Wednesday, May 14, 2008
Some thoughts on Justine Henin
Most people do not remember when Justine Henin was known only as the "talented choker" on the tour. But she was. And once she overcame her fear of winning, she climbed up the rankings to become one of the greatest players of the Open era. Peter Bodo dubbed her the "Little Backhand That Could," and that sums it up pretty well, especially considering the literary ramifications.
I always thought of Henin as the most emotional of players, not because she cried or smashed her racquet, but because there generally seemed to be a dormant volcano just below her surface--a fragility that would make her especially vulnerable if any big winds blew into her life. The early loss of her mother and the conflict that ensued within her family created the tough/vulnerable duality that made Henin who she is.
We all know that Henin went with her mother to see the 1992 French Open final, and decided she wanted to play tennis--and win at Roland Garros. Then her mother died, leaving her not only heartbroken, but left to deal with a father and siblings who treated her like Cinderella and were stunned that she actually wanted to have a life. That same father and siblings now behave publicly like the character Rose Brice in Funny Girl, when she sings "Who Taught Her Everything She Knows?"--a situation I find unnerving and suspicious.
Shortly after she lost her mother, Henin teamed up with coach Carlos Rodriguez, who obviously served as a parent figure for her in some ways. Their professional relationship has lasted twelve years so far, and they have opened tennis centers in Belgium and Florida.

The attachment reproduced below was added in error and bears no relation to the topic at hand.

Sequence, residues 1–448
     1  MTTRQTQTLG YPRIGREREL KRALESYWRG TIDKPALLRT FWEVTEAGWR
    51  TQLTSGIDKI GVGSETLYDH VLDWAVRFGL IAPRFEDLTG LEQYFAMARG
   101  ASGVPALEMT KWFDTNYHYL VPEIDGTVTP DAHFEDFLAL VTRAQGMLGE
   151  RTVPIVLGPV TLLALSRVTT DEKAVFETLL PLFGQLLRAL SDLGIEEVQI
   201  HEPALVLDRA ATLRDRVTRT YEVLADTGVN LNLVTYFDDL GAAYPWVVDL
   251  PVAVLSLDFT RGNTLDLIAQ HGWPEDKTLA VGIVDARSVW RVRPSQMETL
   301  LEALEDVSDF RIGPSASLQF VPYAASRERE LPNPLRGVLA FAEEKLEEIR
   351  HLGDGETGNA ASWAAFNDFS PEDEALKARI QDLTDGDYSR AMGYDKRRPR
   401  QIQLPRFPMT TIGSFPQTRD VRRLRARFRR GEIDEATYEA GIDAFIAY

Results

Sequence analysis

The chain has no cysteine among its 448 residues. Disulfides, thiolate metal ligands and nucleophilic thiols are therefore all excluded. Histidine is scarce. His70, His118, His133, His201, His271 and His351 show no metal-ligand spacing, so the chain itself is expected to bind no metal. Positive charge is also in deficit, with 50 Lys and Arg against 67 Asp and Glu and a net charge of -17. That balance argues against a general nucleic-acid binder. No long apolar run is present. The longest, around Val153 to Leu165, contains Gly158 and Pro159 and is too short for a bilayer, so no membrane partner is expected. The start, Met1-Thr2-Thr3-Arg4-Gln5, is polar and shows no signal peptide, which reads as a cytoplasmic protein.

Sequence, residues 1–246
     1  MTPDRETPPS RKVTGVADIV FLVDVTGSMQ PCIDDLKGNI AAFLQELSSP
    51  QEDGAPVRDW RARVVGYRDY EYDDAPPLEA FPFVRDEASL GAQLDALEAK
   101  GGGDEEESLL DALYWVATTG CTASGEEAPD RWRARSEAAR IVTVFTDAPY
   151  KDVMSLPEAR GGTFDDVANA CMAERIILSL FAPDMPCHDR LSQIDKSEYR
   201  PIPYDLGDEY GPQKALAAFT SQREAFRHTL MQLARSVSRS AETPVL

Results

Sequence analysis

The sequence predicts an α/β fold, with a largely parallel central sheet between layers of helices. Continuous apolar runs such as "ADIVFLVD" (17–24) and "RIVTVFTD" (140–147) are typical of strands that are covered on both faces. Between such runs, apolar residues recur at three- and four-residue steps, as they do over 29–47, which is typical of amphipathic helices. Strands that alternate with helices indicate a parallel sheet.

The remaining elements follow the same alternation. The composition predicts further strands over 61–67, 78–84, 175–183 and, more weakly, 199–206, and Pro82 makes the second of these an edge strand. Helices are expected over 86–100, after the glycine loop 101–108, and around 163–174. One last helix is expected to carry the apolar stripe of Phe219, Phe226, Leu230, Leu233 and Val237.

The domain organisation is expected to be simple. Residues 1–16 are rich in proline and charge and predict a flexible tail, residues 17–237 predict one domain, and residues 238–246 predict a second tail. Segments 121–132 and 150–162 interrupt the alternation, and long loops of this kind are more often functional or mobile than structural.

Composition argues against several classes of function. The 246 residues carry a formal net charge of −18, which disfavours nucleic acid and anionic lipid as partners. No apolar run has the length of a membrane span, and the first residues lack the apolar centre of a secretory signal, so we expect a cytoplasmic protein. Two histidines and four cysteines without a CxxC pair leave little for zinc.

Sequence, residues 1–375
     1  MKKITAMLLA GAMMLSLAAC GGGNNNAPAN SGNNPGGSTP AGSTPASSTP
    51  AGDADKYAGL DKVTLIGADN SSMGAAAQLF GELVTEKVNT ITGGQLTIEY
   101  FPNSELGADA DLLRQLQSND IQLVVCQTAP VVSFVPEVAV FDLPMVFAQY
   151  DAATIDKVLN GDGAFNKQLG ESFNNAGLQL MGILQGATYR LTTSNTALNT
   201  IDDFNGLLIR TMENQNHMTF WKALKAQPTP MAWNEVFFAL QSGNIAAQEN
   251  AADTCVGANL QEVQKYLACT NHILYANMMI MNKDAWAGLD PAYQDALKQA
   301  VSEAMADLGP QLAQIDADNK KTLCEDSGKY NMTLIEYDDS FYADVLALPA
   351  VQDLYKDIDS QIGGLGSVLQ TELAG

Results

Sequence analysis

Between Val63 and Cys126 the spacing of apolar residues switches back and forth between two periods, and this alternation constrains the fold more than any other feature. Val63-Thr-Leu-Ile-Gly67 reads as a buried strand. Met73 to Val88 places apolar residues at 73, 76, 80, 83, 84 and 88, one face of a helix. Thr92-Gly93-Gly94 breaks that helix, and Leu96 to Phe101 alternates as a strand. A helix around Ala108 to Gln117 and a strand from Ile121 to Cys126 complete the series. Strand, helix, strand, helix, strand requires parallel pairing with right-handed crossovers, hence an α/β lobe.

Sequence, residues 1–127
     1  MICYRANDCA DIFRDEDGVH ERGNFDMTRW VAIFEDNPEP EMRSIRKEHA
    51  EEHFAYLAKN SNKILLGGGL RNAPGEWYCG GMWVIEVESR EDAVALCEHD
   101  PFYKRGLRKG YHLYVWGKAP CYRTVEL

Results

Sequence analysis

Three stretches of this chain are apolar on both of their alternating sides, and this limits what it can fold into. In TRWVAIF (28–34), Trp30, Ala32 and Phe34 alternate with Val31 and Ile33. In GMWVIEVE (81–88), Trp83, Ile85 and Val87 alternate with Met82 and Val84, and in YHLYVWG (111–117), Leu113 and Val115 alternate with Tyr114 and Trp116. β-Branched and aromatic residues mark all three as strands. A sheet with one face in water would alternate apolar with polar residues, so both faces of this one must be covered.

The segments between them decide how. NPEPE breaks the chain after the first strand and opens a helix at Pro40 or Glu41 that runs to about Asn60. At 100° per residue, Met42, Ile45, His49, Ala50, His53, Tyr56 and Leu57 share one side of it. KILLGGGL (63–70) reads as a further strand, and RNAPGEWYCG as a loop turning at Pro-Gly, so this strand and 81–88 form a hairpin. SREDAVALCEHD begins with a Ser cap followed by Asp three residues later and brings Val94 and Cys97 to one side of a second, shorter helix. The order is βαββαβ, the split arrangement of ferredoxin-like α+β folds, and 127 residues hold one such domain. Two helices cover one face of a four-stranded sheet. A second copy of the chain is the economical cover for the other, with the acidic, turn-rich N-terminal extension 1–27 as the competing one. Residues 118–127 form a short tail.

In 2002, Henin married Pierre Yves Hardenne, a tennis coach, and they were divorced just over four years later. The divorce, in fact, caused Henin to stay out of the 2007 Australian Open. In 2004, Henin was taken out of the tour for several months by a debilitating Cytomegalovirus virus, though she did manage to make it to the Athens Olympic Games and win a gold medal.
When Henin returned to the tour after recovering from the virus, she cut down on her tournament commitments and changed her workout methods. Both of these decisions were wise, and undoubtedly helped her stay healthier. Her serve, however, was never quite the same after the virus layoff, a phenomenon ignored by the sports press.
Once she became a top-ten player, Henin exhibited a mental and physical toughness that was extremely impressive. I will never forget the 2003 U.S. Open semifinal. Henin was cramping terribly, but continued playing. Her opponent, Jennifer Capriati, was two points from victory on eleven occasions in the three-plus-hours epic thriller, but Henin won it. After she won, Henin said she did not know if she would be healthy enough to play the final, but she was, and she defeated countrywoman Kim Clijsters in straight sets to win her first U.S. Open title.
No discussion of Justine Henin is complete without mentioning Clijsters. Henin was her countrywoman's nightmare. Clijsters ended her career 10-12 against Henin, but those losses included the finals of the 2003 French Open, the 2003 U.S. Open, the 2004 Australian Open, and the 2006 French Open.
Henin, for all her skill and savvy, was not a stranger to controversy. On more than one occasion, her court behavior was perceived as dishonest, and--in my opinion--her defenders have had to make several twists and turns to justify some of the things she did. Her childhood companion and opponent, Clijsters--who is not given to saying negative things about anyone--once remarked that cutting some ethical corners was typical behavior for Henin.